All in all- our garden is a huge failure this year. If the world shut down and we had to feed our family from our garden, we would be done for. Failing is hard, but we can learn from it and more importantly we can help others who are starting out to not make the same mistakes we did.

Lessons Learned

Here is what we would do differently, when we started homesteading five years ago:

  1. We should have met our neighbors earlier and networked with them and asked them about their gardens. This one is SO important. We’ve learned so much over the last five years of failure but we could have learned much of the same in a five minute conversation with a neighbor who gardens this area. They could tell us what crops do well in our soil and climate, what vegetables to avoid, how to treat our particular soil and so much more. Instead we’ve spent years of trial and error trying to hone in on the ideal garden when others around us have the answers we spent so much time to learn
  2. The garden would be our #1 priority. We first built a chicken coop. The garden came later, but should have come first. We should have tested the soil on day one and started composting on day 1 and treating the soil on day 1. We should have been all in on our garden from day one and focused on chickens, goats and building projects later.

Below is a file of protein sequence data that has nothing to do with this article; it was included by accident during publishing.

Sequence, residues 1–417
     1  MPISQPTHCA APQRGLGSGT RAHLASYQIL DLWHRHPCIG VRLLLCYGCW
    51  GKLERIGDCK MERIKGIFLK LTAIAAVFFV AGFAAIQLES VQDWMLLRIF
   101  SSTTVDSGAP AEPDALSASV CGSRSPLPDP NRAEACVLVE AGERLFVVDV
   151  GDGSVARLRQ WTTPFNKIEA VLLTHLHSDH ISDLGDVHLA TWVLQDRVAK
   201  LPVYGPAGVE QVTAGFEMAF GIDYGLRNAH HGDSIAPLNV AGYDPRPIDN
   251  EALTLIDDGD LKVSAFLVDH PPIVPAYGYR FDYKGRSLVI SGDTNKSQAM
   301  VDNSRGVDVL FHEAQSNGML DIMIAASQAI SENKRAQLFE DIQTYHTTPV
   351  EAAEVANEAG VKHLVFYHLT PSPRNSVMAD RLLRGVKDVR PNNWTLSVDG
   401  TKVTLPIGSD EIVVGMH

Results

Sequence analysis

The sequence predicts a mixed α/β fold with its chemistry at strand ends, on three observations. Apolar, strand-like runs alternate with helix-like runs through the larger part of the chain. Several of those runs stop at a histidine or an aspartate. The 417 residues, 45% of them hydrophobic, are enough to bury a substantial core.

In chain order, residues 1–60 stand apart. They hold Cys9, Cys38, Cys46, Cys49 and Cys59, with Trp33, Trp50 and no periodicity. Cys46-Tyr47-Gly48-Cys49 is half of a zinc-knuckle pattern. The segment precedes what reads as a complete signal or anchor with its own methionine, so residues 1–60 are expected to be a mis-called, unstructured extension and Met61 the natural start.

3. Composting. This one is huge. We have composted but we haven’t been consistent or 100%. If we leveraged 100% of our compostable waste into our garden we would have had much more success much earlier. It is so crazy how much food is wasted in our world. What is even crazier is that we take that compostable waste and instead of returning it to nature, we seal it up into an airtight garbage bag and bury it into a landfill. So much wasted food, but in addition wasted food that could have at the very least been turned into compost. 
  4. Garden groups. There are a ton of great garden groups on Facebook, communities on Reddit and resources and blogs and Mother Earth News. We would have spent more time in these groups and asked more questions.

In conclusion, gardening is hard! We plan to work smarter at it next year. We will consult with our neighbor gardeners, compost and treat our soil more seriously, and we are also going to try raised garden beds next year. If you want to see how bad we failed, we did a video version of this blog you can watch above.

Kerry W. Mann, Jr.moved to a 20-acre homestead in 2015, where he and his family use modern technology, including YouTube and Instructables.com, to learn new skills and teach homestead projects. Connect with Kerry on hisHomestead How YouTube page, Instructables, Pinterest,  Facebook, and atMy Evergreen Homestead. Read all of Kerry’s MOTHER EARTH NEWS postshere